Last year, nine players who were invited to the combine went undrafted. Two went on to sign guaranteed contracts and play significant minutes with NBA teams — Kenrich Williams with the New Orleans Pelicans and Allonzo Trier with the New York Knicks — while five signed two-way contracts to split time between the NBA and G League, including Bloomfield Hills’ Yante Maten.
In 2017, 17 combine attendees didn't get selected in the draft. Eight ended up signing two-way deals, highlighted by former Wolverine Derrick Walton Jr., who played in 16 games with the Miami Heat during the 2017-18 season.
Matthews and Poole have both made it known they are fully committed to pursuing their professional careers. Brazdeikis has kept the door open to return to Michigan and could possibly take a route similar to former Michigan standout Moritz Wagner, who became a late first-round pick one year after being viewed as a fringe first-rounder. He has until May 29 to make a final decision.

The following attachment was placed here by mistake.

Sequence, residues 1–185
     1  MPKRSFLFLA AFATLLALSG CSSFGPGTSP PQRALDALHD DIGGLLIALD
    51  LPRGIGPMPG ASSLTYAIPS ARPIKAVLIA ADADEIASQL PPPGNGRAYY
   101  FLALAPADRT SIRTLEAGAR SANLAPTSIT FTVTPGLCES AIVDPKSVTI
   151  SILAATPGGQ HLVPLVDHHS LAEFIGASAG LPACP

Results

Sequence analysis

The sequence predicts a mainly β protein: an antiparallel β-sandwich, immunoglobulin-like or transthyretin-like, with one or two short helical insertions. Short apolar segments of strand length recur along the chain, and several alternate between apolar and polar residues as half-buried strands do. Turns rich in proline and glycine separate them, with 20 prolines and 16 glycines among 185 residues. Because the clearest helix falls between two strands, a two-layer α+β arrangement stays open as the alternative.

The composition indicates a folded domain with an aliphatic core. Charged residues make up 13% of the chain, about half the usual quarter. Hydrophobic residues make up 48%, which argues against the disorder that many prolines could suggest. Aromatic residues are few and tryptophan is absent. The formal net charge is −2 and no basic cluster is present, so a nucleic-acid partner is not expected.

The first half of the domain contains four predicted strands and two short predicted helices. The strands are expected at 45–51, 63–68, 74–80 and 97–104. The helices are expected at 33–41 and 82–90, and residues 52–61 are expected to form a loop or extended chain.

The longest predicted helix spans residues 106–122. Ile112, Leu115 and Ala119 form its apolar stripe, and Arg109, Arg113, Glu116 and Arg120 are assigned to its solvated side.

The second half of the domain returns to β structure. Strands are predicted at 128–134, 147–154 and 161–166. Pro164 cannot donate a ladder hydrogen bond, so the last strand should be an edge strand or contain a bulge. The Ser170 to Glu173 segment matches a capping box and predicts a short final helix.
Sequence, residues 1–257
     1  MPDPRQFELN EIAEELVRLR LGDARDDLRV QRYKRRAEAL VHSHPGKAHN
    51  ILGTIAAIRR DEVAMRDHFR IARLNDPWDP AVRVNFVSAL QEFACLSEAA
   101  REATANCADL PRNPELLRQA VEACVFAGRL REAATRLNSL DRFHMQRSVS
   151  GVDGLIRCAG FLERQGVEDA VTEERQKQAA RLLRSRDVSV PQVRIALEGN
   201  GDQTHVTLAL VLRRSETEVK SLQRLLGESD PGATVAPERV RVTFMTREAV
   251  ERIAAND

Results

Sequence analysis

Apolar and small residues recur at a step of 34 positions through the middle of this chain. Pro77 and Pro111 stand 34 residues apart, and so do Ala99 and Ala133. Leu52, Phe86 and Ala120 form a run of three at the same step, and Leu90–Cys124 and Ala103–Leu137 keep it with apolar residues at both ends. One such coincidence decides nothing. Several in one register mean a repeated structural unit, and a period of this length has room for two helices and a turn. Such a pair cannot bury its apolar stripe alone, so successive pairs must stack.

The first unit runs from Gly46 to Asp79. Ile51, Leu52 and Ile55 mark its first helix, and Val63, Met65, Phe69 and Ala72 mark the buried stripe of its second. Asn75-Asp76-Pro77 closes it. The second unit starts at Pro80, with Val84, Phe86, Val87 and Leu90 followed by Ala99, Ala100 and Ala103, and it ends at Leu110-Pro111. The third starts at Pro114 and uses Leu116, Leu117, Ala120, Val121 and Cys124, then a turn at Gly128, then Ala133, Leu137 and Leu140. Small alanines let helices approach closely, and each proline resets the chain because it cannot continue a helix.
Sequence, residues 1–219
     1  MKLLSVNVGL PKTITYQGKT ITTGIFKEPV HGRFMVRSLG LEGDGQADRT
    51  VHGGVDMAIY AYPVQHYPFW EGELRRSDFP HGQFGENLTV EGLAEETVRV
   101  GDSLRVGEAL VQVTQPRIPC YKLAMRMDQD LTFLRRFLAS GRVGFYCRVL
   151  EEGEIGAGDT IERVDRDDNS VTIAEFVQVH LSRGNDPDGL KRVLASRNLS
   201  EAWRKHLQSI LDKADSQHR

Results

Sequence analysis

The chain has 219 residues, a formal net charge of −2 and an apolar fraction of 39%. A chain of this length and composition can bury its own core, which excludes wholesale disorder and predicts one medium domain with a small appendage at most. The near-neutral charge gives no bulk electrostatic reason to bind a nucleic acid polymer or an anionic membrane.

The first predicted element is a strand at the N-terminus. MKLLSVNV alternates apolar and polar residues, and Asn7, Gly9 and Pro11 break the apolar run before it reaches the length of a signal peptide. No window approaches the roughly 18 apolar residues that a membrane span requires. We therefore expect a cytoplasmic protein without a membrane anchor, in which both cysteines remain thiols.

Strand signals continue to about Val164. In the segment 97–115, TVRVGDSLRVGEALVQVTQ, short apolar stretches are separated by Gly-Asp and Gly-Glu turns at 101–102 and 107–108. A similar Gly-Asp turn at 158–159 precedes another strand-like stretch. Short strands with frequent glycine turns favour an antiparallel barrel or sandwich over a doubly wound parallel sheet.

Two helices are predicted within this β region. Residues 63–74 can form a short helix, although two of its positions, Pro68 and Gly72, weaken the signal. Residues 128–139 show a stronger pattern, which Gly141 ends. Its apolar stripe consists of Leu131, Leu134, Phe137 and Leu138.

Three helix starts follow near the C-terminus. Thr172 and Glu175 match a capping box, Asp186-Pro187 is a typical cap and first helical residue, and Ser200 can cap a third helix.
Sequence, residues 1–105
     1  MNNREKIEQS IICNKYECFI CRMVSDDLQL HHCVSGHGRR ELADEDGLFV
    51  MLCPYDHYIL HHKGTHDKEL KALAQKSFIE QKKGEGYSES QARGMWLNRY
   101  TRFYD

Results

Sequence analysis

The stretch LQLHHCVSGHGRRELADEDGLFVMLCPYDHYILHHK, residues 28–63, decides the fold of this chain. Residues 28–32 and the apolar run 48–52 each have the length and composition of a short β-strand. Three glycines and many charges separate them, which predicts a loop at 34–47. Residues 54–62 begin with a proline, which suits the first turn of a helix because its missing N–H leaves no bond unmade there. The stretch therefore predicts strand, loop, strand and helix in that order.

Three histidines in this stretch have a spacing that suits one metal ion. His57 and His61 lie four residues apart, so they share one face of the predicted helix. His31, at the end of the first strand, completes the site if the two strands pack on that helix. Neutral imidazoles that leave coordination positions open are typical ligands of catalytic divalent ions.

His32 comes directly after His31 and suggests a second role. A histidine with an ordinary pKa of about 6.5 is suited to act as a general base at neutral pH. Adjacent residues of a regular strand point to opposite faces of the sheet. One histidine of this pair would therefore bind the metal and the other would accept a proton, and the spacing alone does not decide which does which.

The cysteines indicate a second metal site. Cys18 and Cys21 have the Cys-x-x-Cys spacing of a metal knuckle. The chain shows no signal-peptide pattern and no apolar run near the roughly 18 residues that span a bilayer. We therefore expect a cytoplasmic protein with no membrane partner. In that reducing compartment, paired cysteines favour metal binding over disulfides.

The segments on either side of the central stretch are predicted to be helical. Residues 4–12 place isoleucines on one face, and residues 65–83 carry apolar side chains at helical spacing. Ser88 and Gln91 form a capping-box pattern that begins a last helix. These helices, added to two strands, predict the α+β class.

Regardless of where their pro paths take them, Matthews, Poole and, potentially, Brazdeikis will at least have promising odds to be among the 60 players who will hear their name called on draft night next month.
UM’s NBA Draft picks under John Beilein
►Darius Morris, 2011, No. 41 pick: Morris bounced around the league and had stints with five teams in four seasons primarily as a backup point guard. He has since played with two G-League teams and in the Chinese Basketball Association over the last four years.
►Tim Hardaway Jr., 2013, No. 24 pick: Hardaway has had the most successful career to date of Beilein’s draft picks. During his six-year NBA career, Hardaway has averaged double figures in scoring five times and has played at least 65 games four times. He’s also coming off his best season where he averaged career highs in scoring (18.1 points) and starts (63).